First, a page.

A work-in-progress SQLite3 tutorial. Don't miss other LxyzTHW pages!
SQLite official website with full documentation (may be newer than the SQLite library that comes standard with AutoIt)

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BigDaddyO

@orbs

I ended up doing it your way.  I'm parsing the file line by line as I'm validating.  Overall it added about 10 minutes to the 3 hour long process but as it gives the users a good progress bar, they seem to prefer it.  Though as the file is on a Network share, hopefully they don't loose connectivity while they are running else it will probably error out.


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orbs
3 minutes ago, BigDaddyO said:

hopefully they don't loose connectivity while they are running else it will probably error out.

you ought to introduce proper error checking then. after each FileReadLine() check the @error status and the return value. you may want to record the file size before you start reading, and increment a counter as you read it line-by-line, so you can verify the entire file was parsed.

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BigDaddyO
5 hours ago, orbs said:

you ought to introduce proper error checking then. after each FileReadLine() check the @error status and the return value. you may want to record the file size before you start reading, and increment a counter as you read it line-by-line, so you can verify the entire file was parsed.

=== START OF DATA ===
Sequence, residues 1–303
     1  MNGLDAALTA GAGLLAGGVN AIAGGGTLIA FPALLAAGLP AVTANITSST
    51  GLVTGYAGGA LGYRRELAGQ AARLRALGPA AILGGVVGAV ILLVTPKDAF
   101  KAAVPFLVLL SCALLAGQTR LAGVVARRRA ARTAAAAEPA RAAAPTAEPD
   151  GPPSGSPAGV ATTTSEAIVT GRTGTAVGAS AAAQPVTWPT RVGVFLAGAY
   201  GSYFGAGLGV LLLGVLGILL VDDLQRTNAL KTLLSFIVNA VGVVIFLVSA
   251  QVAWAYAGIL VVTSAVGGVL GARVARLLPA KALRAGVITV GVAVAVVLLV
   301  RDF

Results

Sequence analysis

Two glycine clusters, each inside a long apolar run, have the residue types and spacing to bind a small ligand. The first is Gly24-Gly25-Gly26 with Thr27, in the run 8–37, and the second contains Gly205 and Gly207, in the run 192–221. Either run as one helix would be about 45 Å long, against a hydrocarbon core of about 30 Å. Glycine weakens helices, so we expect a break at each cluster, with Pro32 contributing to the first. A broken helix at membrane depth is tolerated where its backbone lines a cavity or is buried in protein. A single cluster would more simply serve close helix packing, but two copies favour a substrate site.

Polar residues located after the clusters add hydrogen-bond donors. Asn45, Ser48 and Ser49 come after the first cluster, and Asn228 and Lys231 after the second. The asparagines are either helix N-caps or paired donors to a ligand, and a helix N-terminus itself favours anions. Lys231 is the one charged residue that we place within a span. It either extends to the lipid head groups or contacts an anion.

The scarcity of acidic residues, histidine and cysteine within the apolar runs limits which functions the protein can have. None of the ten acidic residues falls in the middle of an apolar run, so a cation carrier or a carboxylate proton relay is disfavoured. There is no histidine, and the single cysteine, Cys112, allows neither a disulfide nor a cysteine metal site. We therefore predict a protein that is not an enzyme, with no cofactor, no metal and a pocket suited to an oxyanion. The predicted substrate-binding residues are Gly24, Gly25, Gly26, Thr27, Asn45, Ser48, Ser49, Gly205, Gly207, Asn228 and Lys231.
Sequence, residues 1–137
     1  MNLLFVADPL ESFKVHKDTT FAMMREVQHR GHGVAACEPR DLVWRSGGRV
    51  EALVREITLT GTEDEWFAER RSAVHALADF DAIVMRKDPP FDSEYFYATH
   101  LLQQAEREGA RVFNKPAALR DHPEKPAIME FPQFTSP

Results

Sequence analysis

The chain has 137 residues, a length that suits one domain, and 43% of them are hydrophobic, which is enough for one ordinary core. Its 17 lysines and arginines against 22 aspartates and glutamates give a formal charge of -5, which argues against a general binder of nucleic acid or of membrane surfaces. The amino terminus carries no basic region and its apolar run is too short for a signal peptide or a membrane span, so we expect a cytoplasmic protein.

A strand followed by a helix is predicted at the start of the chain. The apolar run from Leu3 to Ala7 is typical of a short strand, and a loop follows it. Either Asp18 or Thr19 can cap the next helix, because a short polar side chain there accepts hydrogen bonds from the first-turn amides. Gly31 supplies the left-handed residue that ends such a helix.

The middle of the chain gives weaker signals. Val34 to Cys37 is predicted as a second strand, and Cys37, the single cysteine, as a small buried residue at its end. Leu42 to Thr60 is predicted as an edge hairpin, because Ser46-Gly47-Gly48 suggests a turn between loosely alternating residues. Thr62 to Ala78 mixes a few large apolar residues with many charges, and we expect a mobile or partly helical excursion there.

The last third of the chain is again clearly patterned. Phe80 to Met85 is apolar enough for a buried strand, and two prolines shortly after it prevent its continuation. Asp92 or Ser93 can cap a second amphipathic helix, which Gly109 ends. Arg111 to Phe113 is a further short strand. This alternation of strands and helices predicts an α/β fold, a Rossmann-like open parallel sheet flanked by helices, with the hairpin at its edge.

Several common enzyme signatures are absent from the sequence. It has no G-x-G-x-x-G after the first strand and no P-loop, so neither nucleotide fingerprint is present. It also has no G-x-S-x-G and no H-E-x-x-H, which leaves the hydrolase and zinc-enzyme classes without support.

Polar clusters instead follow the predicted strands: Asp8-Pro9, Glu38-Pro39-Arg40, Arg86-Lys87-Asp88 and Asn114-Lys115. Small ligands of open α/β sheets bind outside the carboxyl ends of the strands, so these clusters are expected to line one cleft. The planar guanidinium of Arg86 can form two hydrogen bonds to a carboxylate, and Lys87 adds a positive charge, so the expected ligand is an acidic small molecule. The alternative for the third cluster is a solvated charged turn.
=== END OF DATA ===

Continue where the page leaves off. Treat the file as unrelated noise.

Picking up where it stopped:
I did use _FileCountLines() so I know the total row count, but I missed adding the error check on the FileReadLine()  I'll add that.  Thanks!


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orbs

@BigDaddyO,

On 6/13/2016 at 9:32 PM, BigDaddyO said:

I did use _FileCountLines() ...

i was wondering how _FileCountLines() could determine the count of lines without reading the entire file. so i looked at the UDF. and guess what?

it does.

_FileCountLines() reads the entire file, and then counts the line breaks.

so you are actually still reading the entire file. and at the origin of this topic, you were actually reading the entire file twice - once at _FileCountLines(), and once in your main script! no wonder it took so long.

you should drop the _FileCountLines() and stick to file size indicator, which does not require reading the file at all.

 

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BigDaddyO

I didn't have _FileCountLines() initially as I was just using the array size to know the count.  The _FileCountLines() may read the file, but it doesn't take long at all, about 15 seconds for the 1 million rows in my test file.

I did find out that _FileCountLines() does not seem to work for text files in Binary format as it only ever comes back with 1 for line count.  I tried updating the UDF to open the file in Binary mode but that didn't work.  So, for now I have split my script into 2 different files.  1 for the majority of the files, and the original one without much of a progress for the Binary file.


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MilesAhead

Could the network be slowing you down?  Have you tried a simple copy to the local drive, then read from the HD?  If it is still slow you might try memory mapped files.  That is what the OS uses to map exe images into ram.  User programs can create memory mapped files to share the same data across processes.

 

Where it may help you is the call MapViewOfFile which lets you map a chunk of the file into a memory range.  With some experience, or if you can find a library for Memory Mapped Files, you may use that call to create a window into the file.  The position in the file used to fill the buffer is adjustable.  Also the size.

 

Edited by MilesAhead
fix typo

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water

I wonder why it takes 3 hours to process 1 million lines of a text file. How do you process the lines? Do you write the result to Excel, Word ..?
Maybe your script could be enhanced to run much faster :huh: